The Out-Of-Nowhere Bullet - one minute, the overtaking lane behind you is clear for use to pass the Stall Guy in front. The next, you are having to hot-tail yourself out of a road rage incident because he came up so friggen' fast on you that he SURELY created the Doppler effect. And no, he was certainly not there and you just missed him! This one is usually a business/on-road rep type. Guaranteed, he will be wearing a collared shirt and driving an executive car.

The Formation Driver - this one really takes the cake. This is the guy who sits just inside or just outside of your blind spot.... for miles. You'd alter your speed, but you're frankly too gobsmacked at the synchronized driving you are witnessing and want to see how far it will continue. For you are maintaining a constant speed of 2km above the speed limit, but then, Lo! He needs to make a move.... Riiiiight when you are coming up on a slow car in your lane. Fancy, what a coincidence. With this driver, every time you encounter him, you have to come off your set limit, which you would think would make him go past, but noooo... he matches you and stays in your blind spot! Genius!

The Defies Logic Nut - this one engages you in a bit of light flashing. This is the one who gives you a bit of a chortle as you're cruising past. You see, this is the one (ALWAYS, without exception) who thinks he is your father who knows better - err, complex, much?? *note to self: explore father issues* - and decides to reprimand you for overtaking him. No matter that he is doing 10 under the speed limit and you yourself are not speeding. You are overtaking! You blighter. And you'd better say sorry or you'll go to your room. This driver also, 99% of the time, has his wife in the passenger seat. And they are both well over 60. And drive a gold Camry (or other model, but always gold... or that lovely metallic green...)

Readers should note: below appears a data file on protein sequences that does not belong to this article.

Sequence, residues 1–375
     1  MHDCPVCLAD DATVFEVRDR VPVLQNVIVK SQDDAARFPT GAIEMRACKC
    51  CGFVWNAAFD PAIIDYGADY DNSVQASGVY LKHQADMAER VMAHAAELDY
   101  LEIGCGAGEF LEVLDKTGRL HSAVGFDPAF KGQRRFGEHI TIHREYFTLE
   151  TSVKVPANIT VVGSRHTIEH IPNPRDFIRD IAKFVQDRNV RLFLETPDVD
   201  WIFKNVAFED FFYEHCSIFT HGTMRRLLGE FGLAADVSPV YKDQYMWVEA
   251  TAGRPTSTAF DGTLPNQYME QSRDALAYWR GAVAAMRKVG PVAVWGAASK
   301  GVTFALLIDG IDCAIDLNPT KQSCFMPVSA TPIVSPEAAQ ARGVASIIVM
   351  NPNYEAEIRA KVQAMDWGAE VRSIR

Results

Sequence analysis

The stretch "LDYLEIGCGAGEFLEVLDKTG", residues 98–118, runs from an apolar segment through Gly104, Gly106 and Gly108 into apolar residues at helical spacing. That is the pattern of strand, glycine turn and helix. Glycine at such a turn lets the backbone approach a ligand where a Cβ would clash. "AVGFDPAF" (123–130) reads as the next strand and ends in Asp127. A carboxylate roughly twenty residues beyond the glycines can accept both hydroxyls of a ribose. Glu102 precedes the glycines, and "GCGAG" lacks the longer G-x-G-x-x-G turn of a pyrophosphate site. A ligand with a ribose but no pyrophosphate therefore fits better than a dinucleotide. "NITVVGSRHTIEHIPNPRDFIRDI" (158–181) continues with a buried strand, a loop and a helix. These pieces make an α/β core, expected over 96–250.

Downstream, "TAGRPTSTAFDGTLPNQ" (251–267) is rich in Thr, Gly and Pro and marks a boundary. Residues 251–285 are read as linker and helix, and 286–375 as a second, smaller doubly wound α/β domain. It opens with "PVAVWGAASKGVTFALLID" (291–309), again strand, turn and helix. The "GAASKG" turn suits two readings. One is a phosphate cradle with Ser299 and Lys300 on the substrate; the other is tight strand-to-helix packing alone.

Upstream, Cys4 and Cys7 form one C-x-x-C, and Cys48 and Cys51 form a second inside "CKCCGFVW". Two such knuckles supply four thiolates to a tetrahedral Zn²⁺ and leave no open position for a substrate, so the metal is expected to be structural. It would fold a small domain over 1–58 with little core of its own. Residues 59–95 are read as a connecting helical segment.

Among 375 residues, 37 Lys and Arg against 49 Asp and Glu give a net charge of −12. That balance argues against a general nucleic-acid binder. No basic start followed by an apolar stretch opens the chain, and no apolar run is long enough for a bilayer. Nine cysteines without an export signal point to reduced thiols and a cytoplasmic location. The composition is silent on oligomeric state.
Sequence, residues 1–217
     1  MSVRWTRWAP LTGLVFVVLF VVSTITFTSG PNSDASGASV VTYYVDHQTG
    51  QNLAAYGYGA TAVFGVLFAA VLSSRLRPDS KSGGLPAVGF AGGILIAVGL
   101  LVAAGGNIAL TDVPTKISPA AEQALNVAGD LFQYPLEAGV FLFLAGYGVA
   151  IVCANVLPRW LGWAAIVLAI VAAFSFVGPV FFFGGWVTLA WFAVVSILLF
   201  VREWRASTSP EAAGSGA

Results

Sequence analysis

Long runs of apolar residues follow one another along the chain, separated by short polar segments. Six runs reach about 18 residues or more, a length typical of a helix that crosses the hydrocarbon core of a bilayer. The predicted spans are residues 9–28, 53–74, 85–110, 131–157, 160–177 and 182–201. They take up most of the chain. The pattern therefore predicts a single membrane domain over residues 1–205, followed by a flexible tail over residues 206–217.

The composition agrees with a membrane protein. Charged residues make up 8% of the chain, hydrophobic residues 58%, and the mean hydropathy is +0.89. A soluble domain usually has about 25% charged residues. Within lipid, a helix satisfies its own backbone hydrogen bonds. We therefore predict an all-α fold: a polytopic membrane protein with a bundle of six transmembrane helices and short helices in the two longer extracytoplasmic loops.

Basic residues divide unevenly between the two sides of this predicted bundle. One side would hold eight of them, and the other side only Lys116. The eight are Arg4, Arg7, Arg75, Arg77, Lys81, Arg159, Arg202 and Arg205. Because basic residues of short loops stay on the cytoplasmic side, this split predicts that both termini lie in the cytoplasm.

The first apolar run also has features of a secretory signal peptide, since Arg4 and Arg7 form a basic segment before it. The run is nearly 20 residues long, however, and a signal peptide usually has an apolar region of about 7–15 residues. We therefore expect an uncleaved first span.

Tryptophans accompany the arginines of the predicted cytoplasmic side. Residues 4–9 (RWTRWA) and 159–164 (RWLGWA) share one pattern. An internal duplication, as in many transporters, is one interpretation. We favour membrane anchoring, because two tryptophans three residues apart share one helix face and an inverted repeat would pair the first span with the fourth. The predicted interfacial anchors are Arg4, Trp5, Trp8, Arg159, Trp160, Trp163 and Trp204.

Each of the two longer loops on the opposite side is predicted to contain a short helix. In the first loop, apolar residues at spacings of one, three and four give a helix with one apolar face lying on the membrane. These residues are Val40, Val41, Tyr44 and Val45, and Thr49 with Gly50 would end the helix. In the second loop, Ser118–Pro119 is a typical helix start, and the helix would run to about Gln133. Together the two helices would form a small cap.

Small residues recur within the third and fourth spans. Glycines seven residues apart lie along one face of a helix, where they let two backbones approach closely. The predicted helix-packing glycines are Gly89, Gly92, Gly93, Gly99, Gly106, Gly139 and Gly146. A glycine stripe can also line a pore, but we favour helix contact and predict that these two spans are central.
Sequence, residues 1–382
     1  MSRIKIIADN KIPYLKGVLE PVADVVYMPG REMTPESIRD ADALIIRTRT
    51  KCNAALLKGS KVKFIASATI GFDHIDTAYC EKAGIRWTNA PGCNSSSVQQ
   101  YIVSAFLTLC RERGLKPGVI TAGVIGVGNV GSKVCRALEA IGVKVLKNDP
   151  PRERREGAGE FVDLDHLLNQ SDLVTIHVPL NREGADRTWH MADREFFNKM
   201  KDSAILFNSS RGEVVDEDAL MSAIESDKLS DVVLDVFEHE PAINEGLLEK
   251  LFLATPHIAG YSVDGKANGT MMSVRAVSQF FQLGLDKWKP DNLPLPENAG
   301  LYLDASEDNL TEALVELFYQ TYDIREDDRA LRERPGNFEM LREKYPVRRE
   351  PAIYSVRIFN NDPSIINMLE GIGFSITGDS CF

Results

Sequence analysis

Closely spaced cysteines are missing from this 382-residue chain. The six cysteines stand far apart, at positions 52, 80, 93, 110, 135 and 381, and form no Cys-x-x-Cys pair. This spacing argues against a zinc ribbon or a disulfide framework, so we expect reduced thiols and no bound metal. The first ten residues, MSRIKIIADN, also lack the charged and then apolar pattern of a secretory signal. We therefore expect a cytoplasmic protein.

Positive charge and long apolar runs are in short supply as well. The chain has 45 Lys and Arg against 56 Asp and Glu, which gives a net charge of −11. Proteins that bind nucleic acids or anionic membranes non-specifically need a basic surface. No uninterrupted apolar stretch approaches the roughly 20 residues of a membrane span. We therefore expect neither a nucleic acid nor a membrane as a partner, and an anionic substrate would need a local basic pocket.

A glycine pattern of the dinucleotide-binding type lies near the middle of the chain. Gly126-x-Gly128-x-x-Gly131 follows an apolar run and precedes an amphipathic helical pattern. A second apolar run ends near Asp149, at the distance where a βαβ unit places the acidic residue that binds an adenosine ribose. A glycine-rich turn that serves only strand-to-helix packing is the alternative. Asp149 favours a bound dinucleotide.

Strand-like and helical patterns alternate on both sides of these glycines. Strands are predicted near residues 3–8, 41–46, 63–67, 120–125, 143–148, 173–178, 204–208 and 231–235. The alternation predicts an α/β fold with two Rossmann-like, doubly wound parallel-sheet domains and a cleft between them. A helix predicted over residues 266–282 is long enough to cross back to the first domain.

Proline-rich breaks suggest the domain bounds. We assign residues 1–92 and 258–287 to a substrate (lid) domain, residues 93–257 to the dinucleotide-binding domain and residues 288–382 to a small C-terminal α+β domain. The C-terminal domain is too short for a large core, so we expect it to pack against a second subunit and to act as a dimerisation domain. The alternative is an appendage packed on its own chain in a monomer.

So there you have it. I think I've covered them all.

Have you noticed any others? Do tell!

Tuesday, May 25, 2010

Upshot for the Tabster

It's a good old-fashioned UTI. I'm no stranger to urinary tract infections myself. I feel sorry for her!

But with an anti-inflammatory, a shot of antibiotics (really just a precaution, the vet said, as there was no evidence of infection) and more of an idea where I should be heading with her dietary requirements, we're back home and "only" $145 lighter. Steve's old boy, Rusty, used to cost us more than that on a regular basis.....

Thanks to you kindly kitty-cat folk who replied, I was most concerned about her overnight and glad I could get an appointment so quickly today. God, I love our vets here up the street!

Monday, May 24, 2010

Help! Does our cat have her... period?!?

Ummmmmmmmm... Okay. I don't quite know where to start with this, so why don't I just jump in! Tootle-pip.

Tabby the (black) cat just followed me in to the ensuite and jumped into our now disused bath*, sniffed out the plug hole, squatted over it despite my loud protests and flapping in front of her face .... and proceeded to take a pee.

I was so aghast that I left her to her business (forgetting to ask if she wanted me to reach over and get her a square of loo paper, how uncouth of me) and called out to Steve to "come take a look, this is SO weird!"

By the time we got back in the room, Tabby had finished and trotted off to have her dinner like the elegant Lady she is. We peered over the side of the bath and (forgive me for saying, but) fuck me, there was red. As in, blood red. In the urine that hadn't quite made it down the hole - she was a bloody good aim, by the way.